SIGNIS celebrates World Radio day 2018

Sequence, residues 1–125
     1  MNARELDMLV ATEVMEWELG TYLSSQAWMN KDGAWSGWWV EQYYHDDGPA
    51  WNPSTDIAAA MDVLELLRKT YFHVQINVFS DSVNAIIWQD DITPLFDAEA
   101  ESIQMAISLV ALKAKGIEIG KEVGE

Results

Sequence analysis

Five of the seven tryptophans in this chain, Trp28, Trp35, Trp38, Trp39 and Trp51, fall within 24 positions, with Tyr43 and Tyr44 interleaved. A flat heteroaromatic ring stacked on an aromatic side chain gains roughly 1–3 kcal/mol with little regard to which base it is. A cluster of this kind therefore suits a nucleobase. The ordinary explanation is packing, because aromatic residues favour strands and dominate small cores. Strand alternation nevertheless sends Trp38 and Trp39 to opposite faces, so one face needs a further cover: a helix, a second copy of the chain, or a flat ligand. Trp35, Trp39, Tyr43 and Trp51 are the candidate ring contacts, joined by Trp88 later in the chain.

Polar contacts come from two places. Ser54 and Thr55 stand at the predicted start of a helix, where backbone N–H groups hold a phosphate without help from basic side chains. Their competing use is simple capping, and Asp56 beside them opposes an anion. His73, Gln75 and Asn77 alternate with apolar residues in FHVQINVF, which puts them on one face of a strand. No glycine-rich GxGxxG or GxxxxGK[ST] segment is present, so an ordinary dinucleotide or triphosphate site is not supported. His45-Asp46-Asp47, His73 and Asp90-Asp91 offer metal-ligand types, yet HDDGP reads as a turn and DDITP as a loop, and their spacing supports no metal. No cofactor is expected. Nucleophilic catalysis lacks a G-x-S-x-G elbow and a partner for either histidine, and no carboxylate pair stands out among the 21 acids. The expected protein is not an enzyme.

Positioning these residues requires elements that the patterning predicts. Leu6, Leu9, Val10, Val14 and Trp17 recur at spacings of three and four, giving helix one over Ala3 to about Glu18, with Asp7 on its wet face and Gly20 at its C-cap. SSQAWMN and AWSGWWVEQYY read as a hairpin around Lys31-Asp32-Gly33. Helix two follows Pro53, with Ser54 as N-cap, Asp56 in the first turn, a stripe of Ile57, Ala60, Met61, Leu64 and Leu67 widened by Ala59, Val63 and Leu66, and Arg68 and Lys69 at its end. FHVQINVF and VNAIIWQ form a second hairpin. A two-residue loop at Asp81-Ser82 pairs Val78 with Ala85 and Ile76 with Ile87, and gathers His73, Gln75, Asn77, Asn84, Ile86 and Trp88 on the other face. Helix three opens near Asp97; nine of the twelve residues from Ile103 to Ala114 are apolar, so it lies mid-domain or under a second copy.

Brussels, February, 13th, 2018 (SIGNIS). World Radio Day marks the importance of radio in society, today. This year, 2018, UNESCO is dedicating World Radio Day to the theme of radio and sports. “Radio provides the opportunity to nurture diversity, as a force for dialogue and tolerance.” -Audrey Azoulay. In the following article, SIGNIS Vice President and SIGNIS Radio desk chair, Fr. Paul Samasumo, reflects on the role of SIGNIS and its work with radio over the years till now. To know more about the SIGNIS Radio desk, do get in touch at this email: Radio.email@example.com. Is old media out? Has radio still a future? This is a question you sometimes hear from the new generation with smartphones around their neck. Yes, the transistor radio has more or less disappeared and been replaced by new digital receivers, and yes, you don’t see many portable radios either. However, this does not mean that the essence of radio is gone. Radio may be old media, but it is alive and well. Times change, but the way news, information, and entertainment now arrive through radio, is also evolving. Radio continues to have a special place in the hearts of many, particularly in the SIGNIS association. SIGNIS is the heir of Unda As most of you may already know, SIGNIS is the heir of the Unda. SIGNIS was formed in 2001 by the merger of the International Catholic Organisation for Cinema and Audiovisual (OCIC) and International Catholic Association for Radio and Television (Unda). Unda was founded in 1928 in Cologne (Germany), by Catholic professional radio makers of different countries. The idea was for an organisation that would help the Church face new challenges of a medium which for the first time in history could reach every family and every person worldwide. The founders of Unda understood that the influence of radio on culture and religion was enormous with this new ‘super medium’. As the new medium of the time, radio could easily reach Illiterate as well as literate people. Radio continues to evolve Radio continues to survive because it adapts. If we could paraphrase Mark Twain: Reports of the death of radio have been grossly exaggerated. In the past, portability and immediacy helped it survive. While people were performing other activities and household chores, they could listen to their radio sets. For people in business, religious ministers and even politicians, radio opened new opportunities. Catholic broadcasters saw and continue to see in radio an instrument that can bring people from different horizons together, sharing stories, information and culture. This resonates well with this year’s theme for World Radio Day. For Catholic broadcasters, radio became an instrument of spirituality, evangelization, and truth-telling –covering news glossed over by state media. In the Pacific region, with its hundreds of islands, radio as a medium of communication is still one of the essential means of communication. In Europe Catholic Radio still plays its rightful role. Many people listen to radio stations, especially in their cars. In Portugal, for example, it was the Catholic Radio Renascença which broadcast "Grândola, Vila Morena" as a signal that eventually led to the democratisation of the country on 25 April 1974. The Popes and Radio Vatican The radio inventor, Guglielmo Marconi and Pope Pius XI, founders of Radio Vatican, understood the importance of this medium. On 12 February 1931 when Pope Pius XI launched Radio Vatican, he was looking for a medium that would help him speak to Catholics of the entire world, in many different regions –including totalitarian regimes where freedom to worship was impeded. During the Second World War, Vatican Radio constituted an essential source of information much to the chagrin of Goebbels. Radio Sutatenza, a trailblazer for Catholic radio More than seventy years ago, the Catholic radio, Sutatenza, founded by Catholic Priest Monsignor José Joaquin Salcedo Guarin in Colombia started to evangelize with radio programmes about the Bible but also to help reduce illiteracy; provide information on health as well as give agricultural instruction. The Sutatenza radio programming became a model, in Latin America, where radio became the defacto voice of the voiceless for the indigenous people, ‘campesinos’ and even for mineworkers. Catholic radio broadcasters such as Sutatenza became an inspiration for members of Unda worldwide. Africa: Catholic radio as a pastoral tool for development In Africa, particularly after the First African Synod, dioceses who could, quickly established diocesan radio stations. Social Communications was a key theme of the First African Synod. The Bishops of Africa resolved to use radio as a tool for integral development and evangelization. To illustrate: Once the regulation hurdles had been overcome, the Kenya Conference of Catholic Bishops (KCCB) launched eight Catholic, community-based radio stations between 2010 and 2016. In Africa, typically, the radio stations are in rural areas that have long been marginalised and marked by policies of social, economic exclusion. This exclusion over the years translates to poor service delivery; inadequate infrastructure; high rates of illiteracy and morbidity. On scrutiny, these are themes that resonate with Pope Francis’ push for a Church that ministers to the poor and marginalised. They also have a place in Catholic Social Teaching. After 50 years, Radio Veritas is still making waves in Asia 60 years ago, the Southeast Asian Bishops ‘conference decided to launch a radio international in their region. It became a reality with Radio Veritas Asia in 1969. Radio Veritas Asia broadcasts in different languages of Asia. The radio station has been at the forefront of broadcasting not only material of a religious nature but also programmes that promote religious and cultural dialogue. Other critical areas of transmission include social and cultural issues; news and information and on community building. In 2015 UNESCO recognised the radio’s audio files as part of the collection included in the Memory of the World Program and Digital Preservation of Documentary Heritage. SIGNIS Services Rome While embracing new media, SIGNIS continues with its traditional support to its vast network of legacy media. Towards the end of the 1950s, a unique missionary service was founded in the Vatican specifically to support missionaries and their media in the missions. This is what is known today as the SIGNIS Services Rome (SSR) office. SIGNIS Services Rome continues to support the Church of the south with sourcing relevant and robust equipment and supporting the pastoral development of social communications in Africa, Asia and Latin America. SIGNIS Services Rome not only ships equipment to missions but supports and provides aftersales service and assists dioceses and institutions with the pastoral direction in the fast-changing maze of media technologies. The SIGNIS Radio Desk One way SIGNIS is supporting the Church’s engagement with media is through the work of six Desks (committees or teams) organised around six major types of media: digital, film, journalism, media education, radio and television. With the Radio desk, the current Radio desk Chair is Fr. Paul Samasumo. The secretary, Edgar Rubio, a member of staff at SIGNIS Brussels assists him. The desk also works with radio professionals on all the continents. Being a worldwide association for Catholic communicators, SIGNIS has a broad mandate. We aim to engage with media professionals and support Catholic communicators, throughout the world.